01:49AM, Friday 02 March 2012
Business leaders have been given an insight into how the council plans to drive forward the development of Maidenhead.
Royal Borough of Windsor and Maidenhead council leader David Burbage said it could not afford to be 'particularly fussy' about which companies come to town and was better to be flexible than have empty shops.
He added: "We have quite a variety of businesses and long may that continue."
However he pointed out that the council only has limited powers to control which retailers come here and could not 'tell businesses what to do'.
Instead it is working to attract developers to town.
He met with members of Maidenhead and District Chamber of Commerce on Wednesday and gave them a sneak peek of a video Transforming Maidenhead that is being produced to market the town.
Cllr Burbage said: "The council is keen and enthusiastic in driving forward the AAP (Area Action Plan) and move from vision and verse into deeds."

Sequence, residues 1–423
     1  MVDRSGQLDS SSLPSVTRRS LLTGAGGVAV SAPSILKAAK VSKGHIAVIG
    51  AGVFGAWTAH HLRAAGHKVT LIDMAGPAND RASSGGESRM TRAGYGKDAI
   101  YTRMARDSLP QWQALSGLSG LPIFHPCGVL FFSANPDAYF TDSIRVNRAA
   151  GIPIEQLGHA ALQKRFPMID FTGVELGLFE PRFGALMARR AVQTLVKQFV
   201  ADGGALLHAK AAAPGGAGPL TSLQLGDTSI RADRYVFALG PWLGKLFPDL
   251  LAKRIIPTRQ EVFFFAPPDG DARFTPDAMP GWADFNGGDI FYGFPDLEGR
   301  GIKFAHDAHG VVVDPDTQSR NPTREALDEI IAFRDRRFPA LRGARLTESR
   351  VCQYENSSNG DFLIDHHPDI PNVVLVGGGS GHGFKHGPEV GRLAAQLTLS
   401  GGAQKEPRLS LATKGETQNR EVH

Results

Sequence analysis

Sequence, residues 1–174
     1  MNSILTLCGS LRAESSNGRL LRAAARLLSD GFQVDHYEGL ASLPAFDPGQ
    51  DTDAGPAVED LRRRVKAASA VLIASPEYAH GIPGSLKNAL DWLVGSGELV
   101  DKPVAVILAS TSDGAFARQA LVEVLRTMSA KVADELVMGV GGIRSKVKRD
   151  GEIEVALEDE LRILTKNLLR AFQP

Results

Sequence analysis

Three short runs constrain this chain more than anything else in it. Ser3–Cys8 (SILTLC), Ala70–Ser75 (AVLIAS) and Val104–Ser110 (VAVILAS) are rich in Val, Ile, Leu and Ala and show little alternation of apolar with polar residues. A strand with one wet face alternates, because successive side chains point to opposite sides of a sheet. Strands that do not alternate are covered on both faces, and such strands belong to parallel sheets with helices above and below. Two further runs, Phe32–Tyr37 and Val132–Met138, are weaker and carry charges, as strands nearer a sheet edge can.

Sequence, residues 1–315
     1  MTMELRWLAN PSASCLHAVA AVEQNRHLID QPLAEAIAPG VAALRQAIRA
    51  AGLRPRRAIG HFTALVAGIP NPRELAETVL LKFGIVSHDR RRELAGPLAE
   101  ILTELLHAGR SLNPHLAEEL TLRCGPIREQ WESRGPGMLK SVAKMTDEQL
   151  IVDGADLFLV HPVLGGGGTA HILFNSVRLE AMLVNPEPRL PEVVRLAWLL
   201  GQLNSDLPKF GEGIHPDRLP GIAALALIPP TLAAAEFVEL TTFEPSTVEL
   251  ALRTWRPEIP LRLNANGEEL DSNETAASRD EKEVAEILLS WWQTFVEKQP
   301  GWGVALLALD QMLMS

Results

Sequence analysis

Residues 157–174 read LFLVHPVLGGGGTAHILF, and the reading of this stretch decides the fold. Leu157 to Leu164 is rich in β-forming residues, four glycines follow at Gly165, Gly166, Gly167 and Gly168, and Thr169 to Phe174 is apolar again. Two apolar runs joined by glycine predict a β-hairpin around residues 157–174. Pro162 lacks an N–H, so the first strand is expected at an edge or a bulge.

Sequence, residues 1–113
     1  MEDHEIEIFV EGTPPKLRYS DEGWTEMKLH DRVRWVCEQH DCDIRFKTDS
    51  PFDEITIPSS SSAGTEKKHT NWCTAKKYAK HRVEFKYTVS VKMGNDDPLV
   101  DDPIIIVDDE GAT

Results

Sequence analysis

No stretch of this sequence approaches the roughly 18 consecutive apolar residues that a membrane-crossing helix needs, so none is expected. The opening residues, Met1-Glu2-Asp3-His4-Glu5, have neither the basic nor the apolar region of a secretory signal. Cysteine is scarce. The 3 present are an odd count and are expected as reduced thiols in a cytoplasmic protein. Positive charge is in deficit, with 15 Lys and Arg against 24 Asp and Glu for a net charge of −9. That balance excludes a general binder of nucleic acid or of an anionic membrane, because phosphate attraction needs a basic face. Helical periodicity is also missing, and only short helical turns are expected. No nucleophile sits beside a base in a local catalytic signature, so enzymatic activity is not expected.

Companies are beginning to show interest in Maidenhead and last week the council decided to actively seek a developer for land it owns around the town hall.
Cllr Burbage was due to have a meeting yesterday to make sure the planning application for the York Stream restoration is not held up.
He was questioned on various issues by chamber member Ross Wilson.
When asked about the council's role in attracting businesses to town he said the arrival of Adobe proved Maidenhead could 'sell itself' but the council was doing what it could to spruce up the town visually with new signposts and paving.
"Our role is to make sure Maidenhead is a great environment for businesses by doing things like keeping the streets clean and picking up fly tipping."
He disagreed with suggestions that the cost of parking affected the number of shoppers but said the council is 'closely watching' authorities where free parking is being trialled by the local authorities to try and increase footfall.
He also has doubts that business rates reforms will make much difference, adding: "When it changes we will still collect £70 million and receive back £18m.
"I don't think they go far enough in terms of localism."
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